the 1800's trivializers already were labeling women who spoke out publicly against violence against women as "loose," "prudish," or disappointed (it would be the trivializers twentieth century successors who would thing to add "lesbian").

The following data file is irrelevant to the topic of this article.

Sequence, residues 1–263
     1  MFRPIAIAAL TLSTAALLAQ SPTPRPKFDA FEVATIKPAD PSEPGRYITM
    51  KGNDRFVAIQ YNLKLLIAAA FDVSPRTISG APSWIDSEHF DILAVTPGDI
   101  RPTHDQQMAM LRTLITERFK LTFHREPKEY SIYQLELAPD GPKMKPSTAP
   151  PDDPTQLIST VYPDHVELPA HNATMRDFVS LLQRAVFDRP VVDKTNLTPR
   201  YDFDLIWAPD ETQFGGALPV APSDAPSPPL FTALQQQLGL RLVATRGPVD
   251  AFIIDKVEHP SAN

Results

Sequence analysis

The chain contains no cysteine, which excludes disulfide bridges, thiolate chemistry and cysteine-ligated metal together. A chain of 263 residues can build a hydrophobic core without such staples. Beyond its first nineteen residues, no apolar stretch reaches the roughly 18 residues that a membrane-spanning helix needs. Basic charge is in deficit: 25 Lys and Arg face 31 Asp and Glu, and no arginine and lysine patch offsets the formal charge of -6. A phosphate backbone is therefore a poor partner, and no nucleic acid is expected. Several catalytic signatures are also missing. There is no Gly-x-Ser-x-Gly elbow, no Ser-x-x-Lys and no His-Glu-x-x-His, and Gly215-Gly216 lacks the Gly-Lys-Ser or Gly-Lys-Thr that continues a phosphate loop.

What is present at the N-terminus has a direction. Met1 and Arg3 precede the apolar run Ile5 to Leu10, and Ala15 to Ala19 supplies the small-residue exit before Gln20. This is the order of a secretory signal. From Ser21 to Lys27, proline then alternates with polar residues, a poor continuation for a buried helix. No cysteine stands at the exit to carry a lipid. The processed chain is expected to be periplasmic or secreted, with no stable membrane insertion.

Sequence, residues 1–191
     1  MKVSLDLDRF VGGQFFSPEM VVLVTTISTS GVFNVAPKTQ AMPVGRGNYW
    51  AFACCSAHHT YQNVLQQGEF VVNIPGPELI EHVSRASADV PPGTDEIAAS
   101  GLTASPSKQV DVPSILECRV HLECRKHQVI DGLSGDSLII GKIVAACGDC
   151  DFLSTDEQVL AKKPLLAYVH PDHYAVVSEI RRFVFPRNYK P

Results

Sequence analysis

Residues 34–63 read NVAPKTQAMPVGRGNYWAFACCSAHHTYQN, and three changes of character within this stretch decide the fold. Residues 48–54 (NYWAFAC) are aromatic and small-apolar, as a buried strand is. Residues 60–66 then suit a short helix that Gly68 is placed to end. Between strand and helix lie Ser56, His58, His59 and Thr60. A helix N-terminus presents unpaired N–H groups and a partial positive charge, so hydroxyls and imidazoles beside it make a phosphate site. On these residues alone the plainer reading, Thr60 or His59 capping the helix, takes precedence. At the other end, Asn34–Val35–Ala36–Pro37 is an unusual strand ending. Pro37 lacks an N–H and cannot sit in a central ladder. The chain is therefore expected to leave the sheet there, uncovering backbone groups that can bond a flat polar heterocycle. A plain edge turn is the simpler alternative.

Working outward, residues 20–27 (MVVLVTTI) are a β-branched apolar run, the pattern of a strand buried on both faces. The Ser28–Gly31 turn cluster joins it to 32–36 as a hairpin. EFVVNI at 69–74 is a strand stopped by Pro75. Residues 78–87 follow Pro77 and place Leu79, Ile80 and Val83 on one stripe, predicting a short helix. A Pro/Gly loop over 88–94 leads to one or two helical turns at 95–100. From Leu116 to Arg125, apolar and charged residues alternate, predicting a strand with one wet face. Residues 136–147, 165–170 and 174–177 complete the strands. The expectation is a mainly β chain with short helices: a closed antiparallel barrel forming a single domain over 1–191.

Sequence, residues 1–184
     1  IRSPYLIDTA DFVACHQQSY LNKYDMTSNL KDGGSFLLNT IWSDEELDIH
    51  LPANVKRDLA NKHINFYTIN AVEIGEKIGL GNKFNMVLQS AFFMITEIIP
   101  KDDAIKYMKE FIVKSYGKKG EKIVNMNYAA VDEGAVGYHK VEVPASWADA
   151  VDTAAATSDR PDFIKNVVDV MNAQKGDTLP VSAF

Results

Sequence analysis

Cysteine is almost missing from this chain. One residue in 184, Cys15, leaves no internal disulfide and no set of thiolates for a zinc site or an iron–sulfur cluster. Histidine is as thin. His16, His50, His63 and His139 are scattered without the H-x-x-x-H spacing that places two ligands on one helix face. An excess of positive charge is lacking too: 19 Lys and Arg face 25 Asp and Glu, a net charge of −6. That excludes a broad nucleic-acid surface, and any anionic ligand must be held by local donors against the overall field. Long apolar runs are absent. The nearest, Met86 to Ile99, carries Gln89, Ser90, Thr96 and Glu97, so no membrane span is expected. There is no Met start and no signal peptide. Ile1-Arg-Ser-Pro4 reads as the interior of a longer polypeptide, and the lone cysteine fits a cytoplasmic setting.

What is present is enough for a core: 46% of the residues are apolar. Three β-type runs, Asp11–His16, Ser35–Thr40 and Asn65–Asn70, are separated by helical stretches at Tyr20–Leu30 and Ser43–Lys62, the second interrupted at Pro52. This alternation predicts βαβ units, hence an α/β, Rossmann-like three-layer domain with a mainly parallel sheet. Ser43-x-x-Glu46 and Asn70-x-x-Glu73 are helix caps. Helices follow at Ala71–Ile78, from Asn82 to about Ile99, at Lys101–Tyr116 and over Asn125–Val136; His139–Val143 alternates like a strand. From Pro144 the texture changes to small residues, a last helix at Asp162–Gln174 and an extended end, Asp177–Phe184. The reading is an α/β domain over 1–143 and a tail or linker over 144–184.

Don’t evaluate disadvantages to your ethical choice regarding mail-order brides; it invites the worst form of nihilism and ongoing atrocities Alan Gewirth, Professor Emeritus of Philosophy at the University of Chicago, PhD in philosophy from Columbia University, 1982, Human Rights: Essays on Justification and Application, p. 229-230 None of the above distinctions, then, serves its intended purpose of defending the absolutist against the consequentialist. They do not show that the son's refusal to torture his mother to death does not violate the other persons' rights to life and that he is not morally responsible for their deaths. Nevertheless, the distinctions can be supplemented in a way that does serve to establish these conclusions. The required supplement is provided by the principle of the intervening action. According to this principle, when there is a causal connection between some person A's performing some action (or inaction) X and some other person C's incurring a certain harm Z, A's moral responsibility for Z is removed if, between X and Z, there intervenes some other action Y of some person B who knows the relevant circumstances of his action and who intends to produce Z or who produces Z through recklessness. The reason for this removal is that B's intervening action Y is the more direct or proximate cause of Z and, unlike A's action (or inaction), Y is the sufficient condition of Z as it actually occurs." An example of this principle may help to show its connection with the absolutist thesis. Martin Luther King Jr. was repeatedly told that because he led demonstrations in support of civil rights, he was morally responsible for the disorders, riots, and deaths that ensued and that were shaking the American Republic to its foundations.” By the principle of the intervening action, however, it was King's opponents who were responsible because their intervention operated as the sufficient conditions of the riots and injuries. King might also have replied that the Republic would not be worth saving if the price that had to be paid was the violation of the civil rights of black Americans. As for the rights of the other Americans to peace and order, reply would be that these rights cannot justifiably be secured at the price of the rights of blacks. It follows from the principle of the intervening action that it is not the son but rather the terrorists who are morally as well as causally responsible for the many deaths that do or may ensue on his refusal to torture his mother to death. The important point is not that he lets these persons die rat than kills them, or that he does not harm them but only fails to help the or that he intends their deaths only obliquely but not directly. The point is rather that it is only through the intervening lethal actions of the terror that his refusal eventuates in the many deaths. Since the moral responsibility is not the son's, it does not affect his moral duty not to torture his mother to death, so that her correlative right remains absolute. Reject the urge to evaluate magnitude first on DAs against this advantage; it trivializes real risks and engages in a form of unrealism that damages effective policymaking Nicholas Rescher, Professor of Philosophy at the University of Pittsburgh, 1983, Risk: A Philosophical Introduction to the Theory of Risk Evaluation and Management, p. 50 The "worst possible case fixation" is one of the most damaging modes of unrealism in deliberations about risk in real-life situations. Preoccupation about what might happen "if worst comes to worst" is counterproductive whenever we proceed without recognizing that, often as not, these worst possible outcomes are wildly improbable (and sometimes do not deserve to be viewed as real possibilities at all). The crux in risk deliberations is not the issue of loss "if worst comes to worst" but the potential acceptability of this prospect within the wider framework of the risk situation, where we may well be prepared "to. take our chances," considering the possible advantages that beckon along this route. The worst threat is certainly something to be borne in mind and taken into account, but it is emphatically not a satisfactory index of the overall seriousness or gravity of a situation of hazard.